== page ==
Kashmir does not need sermons but sensible action
Preaching sermons is easier than practising them. Those guilty of any offense usually plead innocence. This what one finds people and political leaders doing during the last 72 days of violence and unrest in the Kashmir valley. Latest to join the chorus of those beating their breasts about the Kashmir violence is the CPIM General secretary, Prakash Karat.
As far as expressing shock over the number of casualties in police firing in Kashmir during over two months is concerned Karat is totally correct. He seems to be genuine while expressing grief over the loss of life in the valley. Even those who are opposed to the ideology of the separatists have not concealed their grief over the killing of teenagers. What seems unpalatable in the sermon of Karat on the strategy the central and the state Governments have adopted in dealing with violence.
He is critical of the approach of the two Governments on the plea that the violence and all that continues to flow with it is not a mere law and order problem deserving administrative measures. Yes Karat is correct in the sense that the issues being raised by those indulging in violence and in clashes with the security forces are definitely political in nature and colour. If Karat wants the issues to be tackled politically he should have suggested the method for doing it. Karat needs to be reminded that the agitators have been demanding azadi for Kashmir and their fellow travellers also demand implementation of the UN resolution providing for holding a plebiscite. Since much water has flowed down the river Jhelum since 1948 when the UN adopted the resolution on Kashmir it is not within the possible means of the state Government to fulfill the demand for granting azadi or for holding the plebiscite.
It is equally beyond the reach of Delhi to allow Kashmir either to merge with Pakistan or achieve full independence. If Delhi concedes this demand Karat and his fellow travellers would be in the forefront of the massive agitation such a decision could kick up. Karat has suggested to the Government to adopt better option for dealing with the protesters but he has forgotten to urge or appeal to the agitators and the separatists to shun the path of violence and accept the offer for talks made by Prime Minister, Manmohan Singh. Another sermon from the CPIM leader is that those below the age of 19 should not be arrested and jailed. Karat has been truthful in the sense that his knowledge about teenagers having been jailed on charge of indulging in violence including pelting stones on the security forces was based on newspaper reports. Since the leftist leader is in Srinagar he should have,as member of the parliament, met state Government functionaries and those heading the police department to find out the reason for arresting teenagers. Had he done so he would have become wiser on the issue. Since June 11 when the era of violence and stone throwing incidents dawned over 300 teenagers had been arrested and later were let off after their parents assured the Government that they would not allow their wards to indulge in violence.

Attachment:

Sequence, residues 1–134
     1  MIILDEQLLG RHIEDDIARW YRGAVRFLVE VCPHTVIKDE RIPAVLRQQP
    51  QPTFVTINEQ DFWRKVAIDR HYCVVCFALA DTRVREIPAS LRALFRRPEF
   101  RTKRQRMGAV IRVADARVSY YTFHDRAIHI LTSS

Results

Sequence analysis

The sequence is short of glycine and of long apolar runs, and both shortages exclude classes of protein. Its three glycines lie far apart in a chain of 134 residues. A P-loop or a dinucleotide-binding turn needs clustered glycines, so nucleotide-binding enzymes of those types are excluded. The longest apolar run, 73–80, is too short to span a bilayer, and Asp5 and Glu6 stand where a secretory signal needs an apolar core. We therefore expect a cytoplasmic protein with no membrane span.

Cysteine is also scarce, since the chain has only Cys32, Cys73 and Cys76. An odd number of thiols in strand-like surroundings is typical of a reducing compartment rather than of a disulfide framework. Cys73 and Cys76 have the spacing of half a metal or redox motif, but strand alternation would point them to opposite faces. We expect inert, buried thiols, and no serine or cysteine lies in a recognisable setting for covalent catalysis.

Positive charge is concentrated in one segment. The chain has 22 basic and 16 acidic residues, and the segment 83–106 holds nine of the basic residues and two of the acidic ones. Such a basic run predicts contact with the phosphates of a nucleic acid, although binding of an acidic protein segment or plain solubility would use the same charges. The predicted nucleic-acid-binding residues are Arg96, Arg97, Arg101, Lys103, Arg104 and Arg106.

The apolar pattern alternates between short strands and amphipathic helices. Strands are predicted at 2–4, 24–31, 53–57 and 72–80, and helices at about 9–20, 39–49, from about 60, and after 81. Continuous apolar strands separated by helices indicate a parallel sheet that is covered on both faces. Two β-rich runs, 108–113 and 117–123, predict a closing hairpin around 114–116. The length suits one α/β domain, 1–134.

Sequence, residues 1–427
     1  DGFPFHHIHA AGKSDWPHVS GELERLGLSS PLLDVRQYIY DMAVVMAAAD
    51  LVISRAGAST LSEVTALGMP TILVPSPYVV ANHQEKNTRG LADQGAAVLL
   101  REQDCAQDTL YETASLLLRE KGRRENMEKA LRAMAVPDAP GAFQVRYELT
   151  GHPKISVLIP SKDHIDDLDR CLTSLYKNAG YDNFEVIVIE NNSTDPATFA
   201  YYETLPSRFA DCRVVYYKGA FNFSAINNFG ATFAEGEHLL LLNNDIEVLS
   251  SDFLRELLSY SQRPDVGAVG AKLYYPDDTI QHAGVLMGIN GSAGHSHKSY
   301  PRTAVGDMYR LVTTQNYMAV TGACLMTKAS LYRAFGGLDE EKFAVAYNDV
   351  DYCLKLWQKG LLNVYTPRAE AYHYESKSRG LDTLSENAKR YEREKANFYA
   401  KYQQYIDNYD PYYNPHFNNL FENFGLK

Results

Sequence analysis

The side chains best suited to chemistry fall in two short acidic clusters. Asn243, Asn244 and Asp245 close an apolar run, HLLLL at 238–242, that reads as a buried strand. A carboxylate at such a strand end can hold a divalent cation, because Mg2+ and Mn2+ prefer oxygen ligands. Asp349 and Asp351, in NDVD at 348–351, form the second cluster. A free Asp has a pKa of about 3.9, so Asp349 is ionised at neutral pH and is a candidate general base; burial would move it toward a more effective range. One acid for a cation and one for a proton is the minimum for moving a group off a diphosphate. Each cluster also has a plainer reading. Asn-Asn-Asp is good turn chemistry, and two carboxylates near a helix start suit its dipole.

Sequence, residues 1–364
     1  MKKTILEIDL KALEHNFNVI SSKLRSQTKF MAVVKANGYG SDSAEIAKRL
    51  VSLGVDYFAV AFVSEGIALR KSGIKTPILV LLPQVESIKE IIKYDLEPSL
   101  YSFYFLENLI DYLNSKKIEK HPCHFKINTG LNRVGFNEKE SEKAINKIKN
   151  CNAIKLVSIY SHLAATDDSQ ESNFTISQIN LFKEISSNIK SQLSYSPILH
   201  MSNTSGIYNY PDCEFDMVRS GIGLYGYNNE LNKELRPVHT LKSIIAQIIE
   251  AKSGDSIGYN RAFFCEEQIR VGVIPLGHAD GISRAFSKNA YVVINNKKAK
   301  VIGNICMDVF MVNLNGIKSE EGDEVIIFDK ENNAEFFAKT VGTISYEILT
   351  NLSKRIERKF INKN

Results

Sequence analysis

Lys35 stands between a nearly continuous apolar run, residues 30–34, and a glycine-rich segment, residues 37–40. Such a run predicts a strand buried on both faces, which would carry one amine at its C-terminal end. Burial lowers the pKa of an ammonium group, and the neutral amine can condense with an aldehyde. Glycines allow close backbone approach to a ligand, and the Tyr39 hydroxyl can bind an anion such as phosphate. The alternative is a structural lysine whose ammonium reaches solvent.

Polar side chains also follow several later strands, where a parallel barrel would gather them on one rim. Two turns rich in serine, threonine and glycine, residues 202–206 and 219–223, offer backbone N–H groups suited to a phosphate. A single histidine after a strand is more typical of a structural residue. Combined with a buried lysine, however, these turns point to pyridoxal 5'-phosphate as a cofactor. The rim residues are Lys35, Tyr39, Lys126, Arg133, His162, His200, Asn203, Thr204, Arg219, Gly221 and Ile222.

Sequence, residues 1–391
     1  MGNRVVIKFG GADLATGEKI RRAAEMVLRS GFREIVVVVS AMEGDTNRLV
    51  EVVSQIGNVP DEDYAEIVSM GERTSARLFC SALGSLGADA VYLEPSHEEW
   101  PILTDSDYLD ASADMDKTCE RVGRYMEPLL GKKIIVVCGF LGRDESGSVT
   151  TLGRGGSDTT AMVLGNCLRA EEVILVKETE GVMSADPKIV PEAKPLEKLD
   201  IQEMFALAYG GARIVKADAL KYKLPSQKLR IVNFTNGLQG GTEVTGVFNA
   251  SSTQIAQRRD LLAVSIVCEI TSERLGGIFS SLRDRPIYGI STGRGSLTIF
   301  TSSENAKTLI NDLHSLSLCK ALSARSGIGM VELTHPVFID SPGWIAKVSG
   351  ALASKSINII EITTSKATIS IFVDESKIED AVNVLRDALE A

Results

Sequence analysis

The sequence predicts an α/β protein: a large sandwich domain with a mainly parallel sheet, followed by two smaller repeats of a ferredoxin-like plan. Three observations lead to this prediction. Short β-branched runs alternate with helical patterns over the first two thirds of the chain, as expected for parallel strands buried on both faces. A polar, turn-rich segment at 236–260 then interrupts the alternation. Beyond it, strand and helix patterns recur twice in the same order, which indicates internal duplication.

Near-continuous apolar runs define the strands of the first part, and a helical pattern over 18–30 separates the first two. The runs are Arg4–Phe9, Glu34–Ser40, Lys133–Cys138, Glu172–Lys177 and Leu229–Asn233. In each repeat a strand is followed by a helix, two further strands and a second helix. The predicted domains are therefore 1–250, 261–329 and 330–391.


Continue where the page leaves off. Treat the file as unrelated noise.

Later majority of these very teenagers were seen in the forefront of those indulging in stone pelting. Karat should have known by now that stones are being thrown on the security forces by teenagers and not by white bearded maulanas and not by people above the age of 30.And if the Government, whether in Srinagar or in Delhi, wants the security forces to contain violence they have to put these teenagers behind bars so that the level of violence declined. And when the Union Home secretary, G.K. Pillai, was recently asked why a nine-year innocent boy was killed in police firing he shot back "anyone violating curfew restrictions cannot be innocent."
What Pillai said should serve as an eye opener for the CPIM leader. He should analyse the Kashmir situation like an impartial analyst and not like a politician. If he does so he will realise that there have been series of incidents in which the security forces were forced to open fire either in self defence or in order to foil attempts at torching Government vehicles and other installations. Karat can serve Kashmiris better if he is able to persuade the separatists and those behind the current unrest and violence to shun the path of violence and opt for the process of dialogue.
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